3. Durian fruit
This large, spiky-shelled monster is often called ‘the king of fruit’ – but from what we’ve heard, the jury is still out on that one. Banned in many public spaces and on public transport across Southeast Asia, the durian fruit looks (and smells) pretty threatening. You’ll smell it a mile off when browsing fruit markets: the stench is said to be like rotten onions, turpentine or raw sewage depending on who you listen to.

If you can get past the formidable spiked exterior and stomach-turning scent though, the rewards are apparently worth it: the soft fruit inside has a delicate, creamy consistency and a rich, sweet, almond-y flavour.

Durian fruit, a smelly fruit banned on public transport across much of Asia!

4. Goong Dten
Another one that definitely isn’t for the faint of heart. Goong dten roughly translates as ‘dancing shrimp’, and this dish is perfect for culinary adventurers who are desperate to know what a mouth full of live shrimp feels like (we imagine squiggly).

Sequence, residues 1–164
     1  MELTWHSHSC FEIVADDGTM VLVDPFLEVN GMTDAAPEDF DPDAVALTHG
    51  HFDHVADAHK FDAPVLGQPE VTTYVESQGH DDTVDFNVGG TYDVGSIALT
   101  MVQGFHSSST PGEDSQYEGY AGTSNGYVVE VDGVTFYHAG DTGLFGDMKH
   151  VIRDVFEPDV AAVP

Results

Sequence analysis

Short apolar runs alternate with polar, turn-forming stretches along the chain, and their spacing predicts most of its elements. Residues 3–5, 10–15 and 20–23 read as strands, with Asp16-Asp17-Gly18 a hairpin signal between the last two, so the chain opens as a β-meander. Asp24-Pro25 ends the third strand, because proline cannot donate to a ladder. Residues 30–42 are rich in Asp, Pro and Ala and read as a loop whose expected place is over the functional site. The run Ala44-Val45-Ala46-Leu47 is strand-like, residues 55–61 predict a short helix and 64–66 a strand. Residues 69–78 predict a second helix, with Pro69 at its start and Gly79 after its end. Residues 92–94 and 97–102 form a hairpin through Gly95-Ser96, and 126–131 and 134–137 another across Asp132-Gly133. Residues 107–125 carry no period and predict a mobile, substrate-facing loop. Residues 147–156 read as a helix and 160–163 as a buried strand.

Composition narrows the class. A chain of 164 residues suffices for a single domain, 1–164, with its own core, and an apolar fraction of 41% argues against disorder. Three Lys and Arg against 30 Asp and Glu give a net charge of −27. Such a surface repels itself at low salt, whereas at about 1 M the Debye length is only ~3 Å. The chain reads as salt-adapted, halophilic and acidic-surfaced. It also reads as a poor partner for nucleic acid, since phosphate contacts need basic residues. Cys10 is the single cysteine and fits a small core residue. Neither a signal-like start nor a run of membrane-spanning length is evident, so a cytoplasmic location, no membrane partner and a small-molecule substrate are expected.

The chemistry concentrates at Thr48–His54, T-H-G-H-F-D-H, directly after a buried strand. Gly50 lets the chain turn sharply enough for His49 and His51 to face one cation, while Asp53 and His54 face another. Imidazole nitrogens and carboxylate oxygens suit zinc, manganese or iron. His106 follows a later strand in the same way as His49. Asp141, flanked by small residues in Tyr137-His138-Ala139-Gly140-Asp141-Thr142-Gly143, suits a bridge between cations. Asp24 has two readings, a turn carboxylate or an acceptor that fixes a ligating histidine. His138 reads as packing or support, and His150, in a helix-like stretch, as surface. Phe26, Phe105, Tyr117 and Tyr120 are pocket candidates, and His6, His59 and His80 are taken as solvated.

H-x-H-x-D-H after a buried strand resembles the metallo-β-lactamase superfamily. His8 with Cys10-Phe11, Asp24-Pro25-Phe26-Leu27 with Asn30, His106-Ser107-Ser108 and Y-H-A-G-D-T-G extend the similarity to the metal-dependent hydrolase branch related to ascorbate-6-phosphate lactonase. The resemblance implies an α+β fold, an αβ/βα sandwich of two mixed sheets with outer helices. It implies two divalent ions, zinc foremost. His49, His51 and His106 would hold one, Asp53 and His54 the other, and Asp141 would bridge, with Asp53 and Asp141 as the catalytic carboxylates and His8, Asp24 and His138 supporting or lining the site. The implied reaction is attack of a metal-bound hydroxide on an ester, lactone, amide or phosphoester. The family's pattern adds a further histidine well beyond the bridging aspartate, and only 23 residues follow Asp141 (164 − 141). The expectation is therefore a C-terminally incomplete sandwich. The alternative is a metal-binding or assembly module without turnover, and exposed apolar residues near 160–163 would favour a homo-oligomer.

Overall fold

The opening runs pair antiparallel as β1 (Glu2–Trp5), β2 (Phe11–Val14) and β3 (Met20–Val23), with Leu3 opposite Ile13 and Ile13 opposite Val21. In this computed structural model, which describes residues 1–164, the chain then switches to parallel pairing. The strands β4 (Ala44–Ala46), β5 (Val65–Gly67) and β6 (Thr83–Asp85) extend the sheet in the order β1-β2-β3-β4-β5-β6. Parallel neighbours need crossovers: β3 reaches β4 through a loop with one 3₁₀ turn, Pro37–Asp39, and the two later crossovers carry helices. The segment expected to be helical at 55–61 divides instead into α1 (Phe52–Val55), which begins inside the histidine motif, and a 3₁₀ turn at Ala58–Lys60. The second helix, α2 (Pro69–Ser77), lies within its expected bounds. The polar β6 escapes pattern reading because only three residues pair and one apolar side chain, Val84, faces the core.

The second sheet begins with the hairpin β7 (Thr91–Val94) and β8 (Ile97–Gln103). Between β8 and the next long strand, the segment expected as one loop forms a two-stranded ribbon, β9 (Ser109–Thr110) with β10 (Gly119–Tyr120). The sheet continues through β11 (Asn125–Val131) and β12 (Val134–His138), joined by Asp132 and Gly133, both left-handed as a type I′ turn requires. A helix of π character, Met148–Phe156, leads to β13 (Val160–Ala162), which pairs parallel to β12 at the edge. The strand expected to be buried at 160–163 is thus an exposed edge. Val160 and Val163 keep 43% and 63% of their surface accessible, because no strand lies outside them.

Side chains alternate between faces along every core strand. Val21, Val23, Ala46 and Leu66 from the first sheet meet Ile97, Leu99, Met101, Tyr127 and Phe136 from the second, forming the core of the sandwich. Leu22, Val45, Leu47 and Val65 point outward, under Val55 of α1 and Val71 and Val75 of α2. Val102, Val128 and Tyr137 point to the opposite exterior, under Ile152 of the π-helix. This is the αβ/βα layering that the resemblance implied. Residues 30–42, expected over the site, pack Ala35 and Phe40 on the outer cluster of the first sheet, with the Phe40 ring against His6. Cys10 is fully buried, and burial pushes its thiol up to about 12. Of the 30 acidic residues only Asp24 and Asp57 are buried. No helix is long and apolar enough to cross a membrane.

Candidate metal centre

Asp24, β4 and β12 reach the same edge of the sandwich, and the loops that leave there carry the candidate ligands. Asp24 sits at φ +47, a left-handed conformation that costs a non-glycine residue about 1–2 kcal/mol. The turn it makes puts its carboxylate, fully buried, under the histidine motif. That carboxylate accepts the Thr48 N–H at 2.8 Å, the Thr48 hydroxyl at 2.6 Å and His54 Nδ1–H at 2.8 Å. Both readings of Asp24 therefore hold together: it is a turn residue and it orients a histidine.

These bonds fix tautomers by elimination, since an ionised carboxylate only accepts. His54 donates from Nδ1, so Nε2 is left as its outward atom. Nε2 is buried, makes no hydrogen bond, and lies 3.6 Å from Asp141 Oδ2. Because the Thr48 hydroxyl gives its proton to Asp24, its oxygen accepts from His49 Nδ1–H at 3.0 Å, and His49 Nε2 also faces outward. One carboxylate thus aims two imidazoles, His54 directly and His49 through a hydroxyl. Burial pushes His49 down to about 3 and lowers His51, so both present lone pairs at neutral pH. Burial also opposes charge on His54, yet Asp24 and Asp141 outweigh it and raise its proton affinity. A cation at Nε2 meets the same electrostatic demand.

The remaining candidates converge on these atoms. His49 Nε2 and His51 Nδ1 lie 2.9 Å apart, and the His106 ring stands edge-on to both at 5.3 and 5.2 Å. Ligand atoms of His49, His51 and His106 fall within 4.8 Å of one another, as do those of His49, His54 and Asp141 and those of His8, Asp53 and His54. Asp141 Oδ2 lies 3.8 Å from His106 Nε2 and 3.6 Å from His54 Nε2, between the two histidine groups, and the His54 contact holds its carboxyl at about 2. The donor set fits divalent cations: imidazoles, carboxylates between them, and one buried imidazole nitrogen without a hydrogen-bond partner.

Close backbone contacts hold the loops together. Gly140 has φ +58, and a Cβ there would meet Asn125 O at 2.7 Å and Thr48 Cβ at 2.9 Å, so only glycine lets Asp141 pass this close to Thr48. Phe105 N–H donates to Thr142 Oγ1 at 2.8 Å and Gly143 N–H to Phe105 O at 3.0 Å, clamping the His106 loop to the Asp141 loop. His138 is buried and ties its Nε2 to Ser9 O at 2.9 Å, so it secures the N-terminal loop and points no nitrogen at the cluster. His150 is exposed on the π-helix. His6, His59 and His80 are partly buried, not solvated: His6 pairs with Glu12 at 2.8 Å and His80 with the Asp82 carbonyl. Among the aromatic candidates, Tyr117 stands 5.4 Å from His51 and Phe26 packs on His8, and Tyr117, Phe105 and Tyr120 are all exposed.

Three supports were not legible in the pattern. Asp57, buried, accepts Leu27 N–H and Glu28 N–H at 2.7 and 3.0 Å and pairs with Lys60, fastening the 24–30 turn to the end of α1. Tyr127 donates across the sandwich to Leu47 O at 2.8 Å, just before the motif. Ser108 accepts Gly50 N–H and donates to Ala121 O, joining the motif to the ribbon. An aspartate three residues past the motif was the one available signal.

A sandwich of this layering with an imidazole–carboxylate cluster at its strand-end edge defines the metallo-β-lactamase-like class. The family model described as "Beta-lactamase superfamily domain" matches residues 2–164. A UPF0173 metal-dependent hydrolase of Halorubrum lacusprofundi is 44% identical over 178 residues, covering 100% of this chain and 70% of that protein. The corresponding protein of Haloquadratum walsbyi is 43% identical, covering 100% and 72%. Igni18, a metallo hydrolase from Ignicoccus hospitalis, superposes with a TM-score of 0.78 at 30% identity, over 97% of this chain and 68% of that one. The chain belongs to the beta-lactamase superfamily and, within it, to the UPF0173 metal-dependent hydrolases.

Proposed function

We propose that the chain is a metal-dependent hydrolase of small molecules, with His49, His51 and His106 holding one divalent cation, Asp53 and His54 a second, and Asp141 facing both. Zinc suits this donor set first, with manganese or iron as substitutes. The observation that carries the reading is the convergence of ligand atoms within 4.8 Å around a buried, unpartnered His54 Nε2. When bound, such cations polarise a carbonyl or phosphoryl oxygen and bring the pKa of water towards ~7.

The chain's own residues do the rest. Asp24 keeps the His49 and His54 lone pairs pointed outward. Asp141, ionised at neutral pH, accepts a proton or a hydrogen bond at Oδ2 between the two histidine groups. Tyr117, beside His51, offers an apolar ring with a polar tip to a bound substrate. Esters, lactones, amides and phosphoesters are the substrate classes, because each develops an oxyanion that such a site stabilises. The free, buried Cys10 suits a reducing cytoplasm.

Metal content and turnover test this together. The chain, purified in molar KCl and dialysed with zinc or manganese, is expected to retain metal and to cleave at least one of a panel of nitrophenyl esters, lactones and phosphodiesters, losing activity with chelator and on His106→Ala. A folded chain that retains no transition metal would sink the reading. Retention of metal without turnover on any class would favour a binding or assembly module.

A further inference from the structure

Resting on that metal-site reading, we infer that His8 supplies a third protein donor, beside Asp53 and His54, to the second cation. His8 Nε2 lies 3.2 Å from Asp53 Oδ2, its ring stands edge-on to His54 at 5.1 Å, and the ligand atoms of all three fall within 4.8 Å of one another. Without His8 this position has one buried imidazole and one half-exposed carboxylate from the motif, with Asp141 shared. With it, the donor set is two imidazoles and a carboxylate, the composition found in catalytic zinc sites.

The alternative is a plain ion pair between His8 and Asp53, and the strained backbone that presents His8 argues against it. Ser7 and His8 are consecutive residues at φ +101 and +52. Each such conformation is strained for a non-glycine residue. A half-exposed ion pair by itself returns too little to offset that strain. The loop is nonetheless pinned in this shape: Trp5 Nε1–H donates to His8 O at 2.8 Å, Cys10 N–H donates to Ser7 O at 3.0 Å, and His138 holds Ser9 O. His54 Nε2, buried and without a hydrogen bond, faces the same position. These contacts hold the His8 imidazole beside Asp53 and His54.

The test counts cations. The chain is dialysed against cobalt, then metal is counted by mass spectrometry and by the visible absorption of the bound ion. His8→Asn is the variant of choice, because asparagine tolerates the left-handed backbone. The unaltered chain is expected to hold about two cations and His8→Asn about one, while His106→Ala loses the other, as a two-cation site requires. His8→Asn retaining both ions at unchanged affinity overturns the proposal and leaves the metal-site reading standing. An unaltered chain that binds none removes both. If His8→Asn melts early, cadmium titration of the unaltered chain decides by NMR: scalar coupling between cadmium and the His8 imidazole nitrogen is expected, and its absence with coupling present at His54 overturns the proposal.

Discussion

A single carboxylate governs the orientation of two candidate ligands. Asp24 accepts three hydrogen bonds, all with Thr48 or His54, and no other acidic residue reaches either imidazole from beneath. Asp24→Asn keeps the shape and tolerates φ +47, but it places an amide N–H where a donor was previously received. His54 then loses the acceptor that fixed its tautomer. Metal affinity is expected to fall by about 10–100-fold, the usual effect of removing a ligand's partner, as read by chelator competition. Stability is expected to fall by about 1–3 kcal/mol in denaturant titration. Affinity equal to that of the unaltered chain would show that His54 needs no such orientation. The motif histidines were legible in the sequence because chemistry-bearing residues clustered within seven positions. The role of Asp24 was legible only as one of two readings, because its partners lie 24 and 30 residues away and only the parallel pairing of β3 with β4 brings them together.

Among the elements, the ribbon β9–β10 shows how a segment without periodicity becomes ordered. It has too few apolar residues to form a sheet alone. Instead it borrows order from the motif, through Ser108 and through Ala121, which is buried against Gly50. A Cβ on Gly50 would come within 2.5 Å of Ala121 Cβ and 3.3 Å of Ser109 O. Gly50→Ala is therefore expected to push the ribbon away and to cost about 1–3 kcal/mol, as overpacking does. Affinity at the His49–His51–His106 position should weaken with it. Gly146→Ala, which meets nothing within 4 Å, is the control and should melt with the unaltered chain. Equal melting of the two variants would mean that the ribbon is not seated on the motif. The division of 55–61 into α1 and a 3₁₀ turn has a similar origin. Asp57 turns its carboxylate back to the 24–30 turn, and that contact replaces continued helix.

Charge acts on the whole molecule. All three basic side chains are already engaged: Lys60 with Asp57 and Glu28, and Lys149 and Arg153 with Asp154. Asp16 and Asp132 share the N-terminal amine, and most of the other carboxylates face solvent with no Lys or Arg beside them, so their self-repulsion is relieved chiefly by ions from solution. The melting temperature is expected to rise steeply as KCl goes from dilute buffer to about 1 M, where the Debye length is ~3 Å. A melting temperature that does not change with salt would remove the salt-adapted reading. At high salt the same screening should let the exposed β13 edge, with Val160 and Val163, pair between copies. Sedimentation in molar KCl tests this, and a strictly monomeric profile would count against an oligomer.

Tiny, see-through live freshwater shrimp are put in a bowl where they toss themselves around with chopped green onion, chilli and spices (thanks guys) before being munched, still wiggling. They ‘pop’ between the teeth in a salty explosion that is meant to be really delicious. Would you be bold enough to try?

5. Bpaak Bpet
‘Nose to tail’ eating (scoffing the whole animal with the minimum of waste) has been a popular food fad in the UK for a few years now, but the Thais doubtless got there first. Bpaak bpet is a duck’s beak, a couple of which can be picked up for just a few pennies at plenty of street food stalls in Thailand. The animal’s bill is marinated in a delicious sweet soy sauce and then grilled.